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What is eBPF?!

The origins of eBPF trace back to a 1992 whitepaper, written by Steven McCanne and Van Jacobson, that described a pseudomachine capable of running filter programs, which were able to determine whether to accept or reject an incoming network packet. This technology later became known as the Berkeley Packet Filter (BPF) and it was introduced to the Linux kernel in 1997.

eBPF came alive in 2014, when lots of groundbreaking changes were added to it, including helper functions, the verifier, eBPF maps and the bpf system call, which is used to interact with the kernel space from the comfort of the user space.

Figure 1: Random number generator helper function

eBPF can essentially be described as a native kernel technology which allows users to execute mini-programs on any kernel event, so if you are already familiar with event-driven technologies, then it is going to be fairly easy to understand. The aforementioned programs can be attached to these things called hook points, which can be kernel functions, userspace functions, system calls, tracepoints and even network devices (both physical and virtual!). Basically any time the event, which the program is attached to happens, our program gets called and we can do anything we want (well not completely of course).

Right now it might seem that eBPF is a disaster about to happen, with the ability to run any code inside kernel space, but the verifier is there to prevent this. Any eBPF code submitted to the kernel has to pass through the verifier first, which can be sort of thought of as a static analysis for eBPF code. It makes sure that the code doesn’t access arbitrary kernel memory, it always terminates, so it doesn’t contain any infinite loops for example and the program has an acceptable level of complexity and size.

Why eBPF is going to change everything

We know that legacy security tools have a hard time interpreting containerization technologies and Linux primitives, which means that it might wrongfully detect where exactly an incident originated from. Also introducing observability to our infrastructure stack might be difficult, and a ton more difficult if we are talking about a microservice-based infrastructure as that would mean application code changes to every single application. With the use of eBPF tools we can satisfy all of our observability needs as we have access to almost every event happening on the host, even inside containers, as containers inherit the kernel of the host, so an incident happening in a container can easily be distinguished from an incident on the host itself or inside another container.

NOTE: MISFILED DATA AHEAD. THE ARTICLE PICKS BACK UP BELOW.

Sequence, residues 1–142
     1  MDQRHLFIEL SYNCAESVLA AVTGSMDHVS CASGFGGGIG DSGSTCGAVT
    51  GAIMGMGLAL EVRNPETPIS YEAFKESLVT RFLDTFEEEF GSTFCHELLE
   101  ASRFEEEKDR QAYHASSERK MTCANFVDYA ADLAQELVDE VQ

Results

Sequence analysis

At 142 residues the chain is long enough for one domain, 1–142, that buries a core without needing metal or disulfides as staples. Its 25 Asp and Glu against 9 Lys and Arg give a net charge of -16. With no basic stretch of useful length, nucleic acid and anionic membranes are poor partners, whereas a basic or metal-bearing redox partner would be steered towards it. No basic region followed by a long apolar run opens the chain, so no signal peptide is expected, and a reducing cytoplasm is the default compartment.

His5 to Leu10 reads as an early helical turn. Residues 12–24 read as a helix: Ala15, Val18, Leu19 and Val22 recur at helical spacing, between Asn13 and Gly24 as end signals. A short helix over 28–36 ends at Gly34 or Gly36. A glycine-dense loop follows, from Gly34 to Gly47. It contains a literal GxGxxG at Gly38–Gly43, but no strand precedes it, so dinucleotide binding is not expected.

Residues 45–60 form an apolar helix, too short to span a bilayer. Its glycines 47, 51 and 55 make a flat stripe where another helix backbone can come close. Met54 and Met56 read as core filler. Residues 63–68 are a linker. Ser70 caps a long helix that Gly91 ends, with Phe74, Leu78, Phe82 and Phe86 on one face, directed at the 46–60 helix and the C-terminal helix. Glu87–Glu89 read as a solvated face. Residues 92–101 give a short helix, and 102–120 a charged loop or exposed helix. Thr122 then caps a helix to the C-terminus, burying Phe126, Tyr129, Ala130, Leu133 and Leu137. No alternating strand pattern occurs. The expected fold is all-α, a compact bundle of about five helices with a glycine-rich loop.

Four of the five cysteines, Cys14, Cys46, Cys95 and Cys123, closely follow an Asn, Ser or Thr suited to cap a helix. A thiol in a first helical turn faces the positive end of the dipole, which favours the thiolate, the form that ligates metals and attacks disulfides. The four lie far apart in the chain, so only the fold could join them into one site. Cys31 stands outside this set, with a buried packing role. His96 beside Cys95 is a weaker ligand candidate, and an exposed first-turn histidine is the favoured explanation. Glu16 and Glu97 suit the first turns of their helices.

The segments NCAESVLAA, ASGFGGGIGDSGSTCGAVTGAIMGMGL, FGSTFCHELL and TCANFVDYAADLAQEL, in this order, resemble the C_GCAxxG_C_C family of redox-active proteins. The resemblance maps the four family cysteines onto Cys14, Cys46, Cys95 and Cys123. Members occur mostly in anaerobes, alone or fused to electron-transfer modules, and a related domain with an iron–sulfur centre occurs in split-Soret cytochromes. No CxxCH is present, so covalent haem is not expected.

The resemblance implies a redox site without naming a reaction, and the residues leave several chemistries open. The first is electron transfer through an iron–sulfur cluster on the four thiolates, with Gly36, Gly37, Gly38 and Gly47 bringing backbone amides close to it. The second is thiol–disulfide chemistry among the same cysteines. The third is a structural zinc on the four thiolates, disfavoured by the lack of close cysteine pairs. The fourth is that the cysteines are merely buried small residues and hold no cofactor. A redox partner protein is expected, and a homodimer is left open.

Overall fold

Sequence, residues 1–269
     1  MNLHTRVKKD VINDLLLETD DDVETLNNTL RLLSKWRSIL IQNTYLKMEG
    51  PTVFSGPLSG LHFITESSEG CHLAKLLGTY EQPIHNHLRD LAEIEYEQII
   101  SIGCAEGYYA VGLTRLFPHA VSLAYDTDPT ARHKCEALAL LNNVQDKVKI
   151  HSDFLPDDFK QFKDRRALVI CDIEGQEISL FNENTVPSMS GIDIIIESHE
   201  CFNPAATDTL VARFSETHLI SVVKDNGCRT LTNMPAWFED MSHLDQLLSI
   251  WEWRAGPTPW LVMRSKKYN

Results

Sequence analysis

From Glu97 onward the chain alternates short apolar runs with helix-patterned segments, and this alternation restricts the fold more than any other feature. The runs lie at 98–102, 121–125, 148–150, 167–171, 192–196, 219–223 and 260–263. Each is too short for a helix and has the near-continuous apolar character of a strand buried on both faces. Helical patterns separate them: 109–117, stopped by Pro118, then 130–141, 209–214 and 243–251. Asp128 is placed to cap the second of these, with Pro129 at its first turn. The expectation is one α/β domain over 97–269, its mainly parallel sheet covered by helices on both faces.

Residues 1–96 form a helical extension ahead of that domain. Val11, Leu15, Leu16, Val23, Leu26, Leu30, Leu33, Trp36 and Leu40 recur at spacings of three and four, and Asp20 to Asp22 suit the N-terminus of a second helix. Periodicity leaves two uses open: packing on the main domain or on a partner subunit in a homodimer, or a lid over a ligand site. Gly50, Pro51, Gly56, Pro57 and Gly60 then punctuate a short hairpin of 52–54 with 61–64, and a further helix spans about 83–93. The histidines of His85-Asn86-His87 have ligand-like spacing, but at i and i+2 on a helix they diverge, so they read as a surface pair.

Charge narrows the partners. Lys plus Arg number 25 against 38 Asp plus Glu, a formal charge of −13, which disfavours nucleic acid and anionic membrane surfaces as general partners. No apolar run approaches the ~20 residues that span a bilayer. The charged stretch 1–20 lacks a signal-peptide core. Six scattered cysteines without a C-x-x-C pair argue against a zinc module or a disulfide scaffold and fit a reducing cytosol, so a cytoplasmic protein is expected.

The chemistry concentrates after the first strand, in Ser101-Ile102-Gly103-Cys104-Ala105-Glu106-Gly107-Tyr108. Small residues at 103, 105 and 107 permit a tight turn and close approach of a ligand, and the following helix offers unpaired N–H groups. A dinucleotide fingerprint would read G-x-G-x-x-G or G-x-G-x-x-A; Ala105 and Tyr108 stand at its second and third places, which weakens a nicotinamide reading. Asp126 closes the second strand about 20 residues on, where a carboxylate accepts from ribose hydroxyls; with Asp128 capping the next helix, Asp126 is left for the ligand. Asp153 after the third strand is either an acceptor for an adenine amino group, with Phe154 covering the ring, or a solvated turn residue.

Tetragon is an eBPF-based runtime security tool which lets us accomplish basically everything described above. It is Kubernetes-aware, as it has the ability to attach additional context to the kernel events happening, so if a user is trying to do anything malicious inside a Kubernetes Pod, then we will know in which Namespace and which Pod did this user try to perform that malicious action. Tetragon can be configured through Tracing Policies, which even allow us to perform certain actions, for example killing a process if someone tries to write to a file described in the policy.

eBPF also has a great impact in the networking space, mainly with its ability to attach programs to network devices and Katran is one of the projects which is worth mentioning. It is a layer 4 load balancer based on eBPF and since 2017 every packet which was sent to Facebook has passed through eBPF. One of the strengths of eBPF for networking is that we can save a lot of processing power and context switching with the ability to perform actions, which we previously performed inside user space, inside the kernel.

Why eBPF won’t change everything

Every up-and-coming popular technology has downsides of course, even eBPF and one of the bigger ones is complex state management. eBPF maps allow us to store data, which we can later access inside the user space, but they were not built to handle the volume, which is required for certain use cases, like storing endpoints for circuit breaking or buffering requests when implementing retries. Implementing a service mesh through eBPF is also a hot topic, but that also requires state management and also TLS termination would be problematic to implement right now for various reasons.


eBPF is a really great technology already, with a great impact at Layer 3 and 4, but things become a little more complicated when we get to Layer 7, but I’m hopeful that it will reach new heights in the future and who knows, maybe we will also have Doom running inside the kernel one day.

Picture Dominik  Táskai

Author Dominik Táskai

Dominik Táskai is a tech enthusiast currently working as a DevOps Engineer and studying everything DevOps and Cloud Native related, especially focused on Kubernetes and Go.





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